5 Steps to Convince a Seller to Lower His Price

5 Steps to Convince a Seller to Lower His Price

As a real estate investor, you meet sellers who expect you to pay unreasonable prices and to assume risk with no profit. In this article, I will teach you how to convince a seller to lower his price.

When a seller is unrealistic, it’s a good deal for the seller; bad deal for you. 

You and the seller are thinking, “if you were just rational and reasonable about making this deal happen, we’d be able to come to agreement.” Here’s the problem, you’re both thinking in absolutes.

The discussion has two issues, the building and the price. You’ve reached a dead end.

Let’s rewind and use the following steps to see how to convince a seller to lower his price.

Step 1: When he asks, how much will you pay for my property? The seller wants to sell because it will solve his problems. He believes that the conversation begins with his solution–price for the building.

Tell him, “I want to pay you a price you’ll accept for the property. Before we go there, would you mind if I asked you a few questions?” Show respect of his position, that you’re on the same page, and that you want to make a deal happen.

Step 2: While you are in the real estate business, you’re in the people who own real estate business. You must explore the seller’s reasons for selling. He has personal motivations, plans for the money, timing issues, family plans, etc. Uncover this information.

Step 3: There are 3 components to making a deal: price, terms, and conditions. If you’ve completed Steps 2, then you know that he’s selling to satisfy his divorce judgment, his loan maturity, or he’s tired of managing and wants his evenings back to spend with his children. Start talking about terms and conditions. Terms and conditions solve these problems.

Step 4: Skip the price ultimatum to avoid being a loser. We learned to negotiate by moving to the price ultimatum too quickly. Don’t go there unless it’s a last resort. When you have two people arguing to save face by winning, in many cases, both lose.

Step 5: People rarely argue with conclusions they come to on their own. They believe stories they tell themselves. As the price focused investor, you are trying to convince the seller that he’s unrealistic, overpriced, and never going to get that price. Guess what, you’ve just convinced him that he should try for what he thinks he should get. He doesn’t believe you.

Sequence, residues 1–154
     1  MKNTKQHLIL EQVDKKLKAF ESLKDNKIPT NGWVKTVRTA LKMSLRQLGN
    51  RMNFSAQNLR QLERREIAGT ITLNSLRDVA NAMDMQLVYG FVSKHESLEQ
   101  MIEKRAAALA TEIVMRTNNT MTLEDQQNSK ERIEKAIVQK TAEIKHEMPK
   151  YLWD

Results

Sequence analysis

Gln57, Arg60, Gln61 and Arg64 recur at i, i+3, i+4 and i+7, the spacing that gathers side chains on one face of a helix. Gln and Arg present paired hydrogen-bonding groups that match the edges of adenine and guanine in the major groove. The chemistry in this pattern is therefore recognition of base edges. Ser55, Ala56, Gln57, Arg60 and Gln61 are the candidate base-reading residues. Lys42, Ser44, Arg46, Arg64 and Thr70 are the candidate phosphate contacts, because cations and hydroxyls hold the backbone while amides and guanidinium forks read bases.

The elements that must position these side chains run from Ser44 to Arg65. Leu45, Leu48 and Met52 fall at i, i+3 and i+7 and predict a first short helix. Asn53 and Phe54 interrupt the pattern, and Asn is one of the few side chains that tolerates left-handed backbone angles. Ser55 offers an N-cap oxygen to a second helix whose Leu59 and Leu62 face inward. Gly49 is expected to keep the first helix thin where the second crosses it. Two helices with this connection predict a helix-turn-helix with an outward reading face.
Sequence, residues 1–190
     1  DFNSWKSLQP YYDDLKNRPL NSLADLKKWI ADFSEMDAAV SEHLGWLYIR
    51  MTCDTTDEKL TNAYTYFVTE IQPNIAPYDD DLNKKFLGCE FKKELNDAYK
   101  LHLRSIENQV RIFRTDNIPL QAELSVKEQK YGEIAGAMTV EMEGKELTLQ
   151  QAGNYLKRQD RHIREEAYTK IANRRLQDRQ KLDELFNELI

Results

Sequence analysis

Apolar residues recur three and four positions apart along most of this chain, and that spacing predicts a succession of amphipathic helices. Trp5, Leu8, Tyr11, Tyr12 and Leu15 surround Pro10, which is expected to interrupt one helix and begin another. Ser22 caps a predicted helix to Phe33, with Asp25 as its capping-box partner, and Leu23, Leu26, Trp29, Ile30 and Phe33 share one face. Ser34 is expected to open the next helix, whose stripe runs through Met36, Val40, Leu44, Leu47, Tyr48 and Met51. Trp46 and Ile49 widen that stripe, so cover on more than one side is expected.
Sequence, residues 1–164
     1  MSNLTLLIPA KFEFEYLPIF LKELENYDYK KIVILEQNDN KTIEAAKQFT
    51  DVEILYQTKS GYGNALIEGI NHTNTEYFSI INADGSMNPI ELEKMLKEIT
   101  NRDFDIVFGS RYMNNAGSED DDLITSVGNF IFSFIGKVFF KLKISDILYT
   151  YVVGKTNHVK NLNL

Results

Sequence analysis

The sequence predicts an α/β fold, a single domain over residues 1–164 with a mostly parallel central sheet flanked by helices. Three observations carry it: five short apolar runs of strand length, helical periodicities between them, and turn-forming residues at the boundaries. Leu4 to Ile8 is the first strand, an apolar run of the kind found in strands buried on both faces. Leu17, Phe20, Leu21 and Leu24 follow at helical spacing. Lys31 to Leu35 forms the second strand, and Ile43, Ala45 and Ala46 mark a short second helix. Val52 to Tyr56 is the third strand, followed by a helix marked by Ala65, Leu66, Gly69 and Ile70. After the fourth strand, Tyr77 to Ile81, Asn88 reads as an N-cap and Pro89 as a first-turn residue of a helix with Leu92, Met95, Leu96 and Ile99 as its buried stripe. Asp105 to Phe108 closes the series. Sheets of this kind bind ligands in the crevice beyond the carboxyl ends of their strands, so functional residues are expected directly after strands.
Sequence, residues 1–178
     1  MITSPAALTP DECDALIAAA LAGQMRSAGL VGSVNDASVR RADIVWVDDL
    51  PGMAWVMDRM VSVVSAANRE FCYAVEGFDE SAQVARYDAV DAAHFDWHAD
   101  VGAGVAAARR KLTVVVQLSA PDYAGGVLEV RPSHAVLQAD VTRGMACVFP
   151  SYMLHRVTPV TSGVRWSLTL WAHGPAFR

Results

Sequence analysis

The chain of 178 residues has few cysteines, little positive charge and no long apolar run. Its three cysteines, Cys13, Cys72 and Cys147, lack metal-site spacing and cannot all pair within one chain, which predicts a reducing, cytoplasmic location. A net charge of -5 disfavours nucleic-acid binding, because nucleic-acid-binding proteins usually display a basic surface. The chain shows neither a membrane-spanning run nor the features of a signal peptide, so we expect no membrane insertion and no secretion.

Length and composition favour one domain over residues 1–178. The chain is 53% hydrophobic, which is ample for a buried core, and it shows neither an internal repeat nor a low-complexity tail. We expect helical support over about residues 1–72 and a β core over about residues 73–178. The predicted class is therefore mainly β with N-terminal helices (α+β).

Guide him to his own conclusion. Remind him that he wants to sell the property to free his evenings to spend time with his kids and that he wants to stop answering tenant calls for clogged toilets.

Remind him that he told you he’s tired and wants his quality of life back and that you can help him do that. Now, ask him, “what will it take to make this happen for you?” Use the investment property to solve the seller’s problem by structuring price, terms, and conditions together.

When you’re in the people who own real estate business, it’s easier to solve these problems and reach mutually advantageous agreements.

When you skip these steps and enter the building and price discussion, you miss profitable deals, lose negotiations, and piss off people who feel disrespected by your inability to make a deal happen.

And if it’s too late and you’re in the building and price discussion, stop now. Tell the seller you’re embarrassed that you’ve made a mistake. Ask permission to ask some questions before moving forward. He’ll respect your honesty and you’ll be off to a good start!

Good luck and please share stories of your successes!

Want some free real estate investment software?  Click here to access a free commercial real estate investing toolkit ($797 value) that includes free excel worksheets. Start Now.

Leave a Reply

Your email address will not be published. Required fields are marked *


You may use these HTML tags and attributes: <a href="" title=""> <abbr title=""> <acronym title=""> <b> <blockquote cite=""> <cite> <code> <del datetime=""> <em> <i> <q cite=""> <s> <strike> <strong>